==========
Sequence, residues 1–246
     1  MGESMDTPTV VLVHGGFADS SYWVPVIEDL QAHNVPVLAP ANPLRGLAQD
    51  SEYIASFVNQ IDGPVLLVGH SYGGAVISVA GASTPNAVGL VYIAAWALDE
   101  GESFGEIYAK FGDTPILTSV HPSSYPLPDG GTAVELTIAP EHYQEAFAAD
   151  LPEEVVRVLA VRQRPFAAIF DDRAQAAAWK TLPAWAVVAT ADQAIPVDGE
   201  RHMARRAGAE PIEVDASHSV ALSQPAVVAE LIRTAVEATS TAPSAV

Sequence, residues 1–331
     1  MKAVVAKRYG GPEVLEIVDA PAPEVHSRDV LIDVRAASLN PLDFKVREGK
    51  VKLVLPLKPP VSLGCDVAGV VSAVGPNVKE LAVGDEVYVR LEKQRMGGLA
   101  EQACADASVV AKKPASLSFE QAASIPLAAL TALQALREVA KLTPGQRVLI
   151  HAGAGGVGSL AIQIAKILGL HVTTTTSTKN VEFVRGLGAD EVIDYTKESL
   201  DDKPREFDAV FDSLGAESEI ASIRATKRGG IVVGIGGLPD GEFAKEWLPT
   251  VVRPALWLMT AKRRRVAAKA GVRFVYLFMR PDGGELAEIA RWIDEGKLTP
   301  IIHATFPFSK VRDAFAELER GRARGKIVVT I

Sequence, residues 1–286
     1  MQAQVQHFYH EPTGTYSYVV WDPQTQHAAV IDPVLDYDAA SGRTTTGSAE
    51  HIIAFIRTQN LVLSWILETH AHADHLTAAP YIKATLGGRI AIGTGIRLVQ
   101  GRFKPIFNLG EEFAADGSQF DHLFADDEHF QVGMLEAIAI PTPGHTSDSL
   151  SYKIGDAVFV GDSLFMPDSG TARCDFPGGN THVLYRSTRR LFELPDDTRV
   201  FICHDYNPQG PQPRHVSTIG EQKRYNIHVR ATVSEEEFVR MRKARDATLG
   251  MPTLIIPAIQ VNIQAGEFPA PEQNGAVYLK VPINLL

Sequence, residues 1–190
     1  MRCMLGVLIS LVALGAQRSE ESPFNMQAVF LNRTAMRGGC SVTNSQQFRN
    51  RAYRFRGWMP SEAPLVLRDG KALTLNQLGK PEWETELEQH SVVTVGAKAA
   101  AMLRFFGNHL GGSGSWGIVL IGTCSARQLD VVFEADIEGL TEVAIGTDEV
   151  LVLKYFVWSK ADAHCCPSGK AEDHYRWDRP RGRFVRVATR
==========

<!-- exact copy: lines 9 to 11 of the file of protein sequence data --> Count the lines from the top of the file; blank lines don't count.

    51  VKLVLPLKPP VSLGCDVAGV VSAVGPNVKE LAVGDEVYVR LEKQRMGGLA
   101  EQACADASVV AKKPASLSFE QAASIPLAAL TALQALREVA KLTPGQRVLI
   151  HAGAGGVGSL AIQIAKILGL HVTTTTSTKN VEFVRGLGAD EVIDYTKESL